Mathews is serving as Lebanon’s vice mayor. He said voters should elect him as the GOP nominee because he has successfully enacted and protected conservative victories, as well as given of his time, talent, and treasure to build communities where government shouldn’t operate.
He said he stands with police, helped to pass Lebanon’s pro-life ordinance, and is still able to navigate political factions to serve our community, collaborating and standing firm as needed.
Mathews said, if elected, his top three priorities will be to work on making Ohio the most pro-life state possible, strengthen our education system and workforce, and defend police and 2nd Amendment rights.
Democratic Primary: Bennett vs. Cao
Joy Bennett of Mason said she was encouraged to run for the Democratic nomination for the open Ohio House District 56 seat. That got her to thinking about the possibility of running for the open seat.
“I earned a lot of name recognition over the last three years, and my Republican counterparts hold extreme views that don’t reflect the full beautiful diversity - religious, spiritual, cultural, professional, etc. - we have in our district” she said
Bennett, a small business owner, said her background is in communication and facilitating problem-solving that works for as many people as possible.
““I am committed to serving our community – everyone here, whether we see eye to eye on any given issues or not.... This year, we get to choose new elected officials. Elections allows us to hold our government officials accountable.”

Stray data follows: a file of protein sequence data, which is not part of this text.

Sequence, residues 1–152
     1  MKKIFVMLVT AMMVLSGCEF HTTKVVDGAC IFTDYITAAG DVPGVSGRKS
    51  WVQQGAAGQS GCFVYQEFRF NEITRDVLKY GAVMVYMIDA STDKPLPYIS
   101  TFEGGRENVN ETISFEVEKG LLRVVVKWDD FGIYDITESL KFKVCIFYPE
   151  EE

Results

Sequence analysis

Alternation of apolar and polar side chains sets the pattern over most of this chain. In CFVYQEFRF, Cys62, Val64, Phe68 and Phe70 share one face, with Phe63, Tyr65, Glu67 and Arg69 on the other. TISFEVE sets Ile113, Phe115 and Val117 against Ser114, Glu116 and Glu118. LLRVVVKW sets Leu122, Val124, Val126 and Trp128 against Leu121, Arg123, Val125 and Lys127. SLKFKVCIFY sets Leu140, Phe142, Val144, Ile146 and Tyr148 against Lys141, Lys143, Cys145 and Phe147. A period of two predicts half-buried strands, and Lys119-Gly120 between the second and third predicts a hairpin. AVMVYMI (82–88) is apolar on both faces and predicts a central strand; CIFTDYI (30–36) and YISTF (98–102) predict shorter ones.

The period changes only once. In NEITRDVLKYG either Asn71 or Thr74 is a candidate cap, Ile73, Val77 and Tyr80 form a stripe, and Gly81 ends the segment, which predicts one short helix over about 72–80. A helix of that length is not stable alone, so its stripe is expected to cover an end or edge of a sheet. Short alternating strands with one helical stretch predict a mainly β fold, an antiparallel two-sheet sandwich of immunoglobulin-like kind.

If elected, Bennett said her top three priorities will be the well-being and safety of children, particularly in their earliest years; improving the quality of education statewide; and creating more stable jobs that pay a living wage.
“We have had taxation without representation in our district for eight years,” Bennett said. “The current representative (Paul Zeltwanger) didn’t show up, didn’t respond to voter questions or needs, and didn’t even go to Columbus when he was supposed to. He has one of the worst attendance records in the state (legislature).”
Mason High School senior Sam Cao decided to run for the open Ohio House District 56 seat because he was “tired of all the political and societal divisiveness.”
Cao said in the past few years he’s seen the polarization deteriorate our individual and collective wellbeing. He said his platform will always promote compassion, love and unity and wants to represent the voices of the younger generations in Columbus.
“I would like to contribute my knowledge and life experience to the betterment of Ohio,” he said. “Since the start of the pandemic, the Asian community has been under attack. I want to advance civil rights for the minority communities whose safety have been jeopardized so that we can truly live in a just society.”
“It’s time for the torch to be passed down to a new era of leadership,” Cao said. “All voters, young and old, can relate to the idealism that youth embodies. When the youth is empowered, our community will be empowered.”
If elected, his top three priorities will be to preserve the environment; destigmatizing mental health; and common-sense gun reform.
“I am 17 and I am the youngest ever to run in Ohio and will be to take office in the nation’s entire history,” Cao said. “This campaign will prove that empowering the youth will yield a tremendously positive impact on Ohio and the whole nation. I will inspire and motivate the youth along with all of us to become the best version of ourselves. Many have been indifferent to public service and politics because there is a perception that the current system has failed us. My campaign will prove that we have the capacity to change the system for the better and we can build a better future for all of us based on love, compassion and unity.”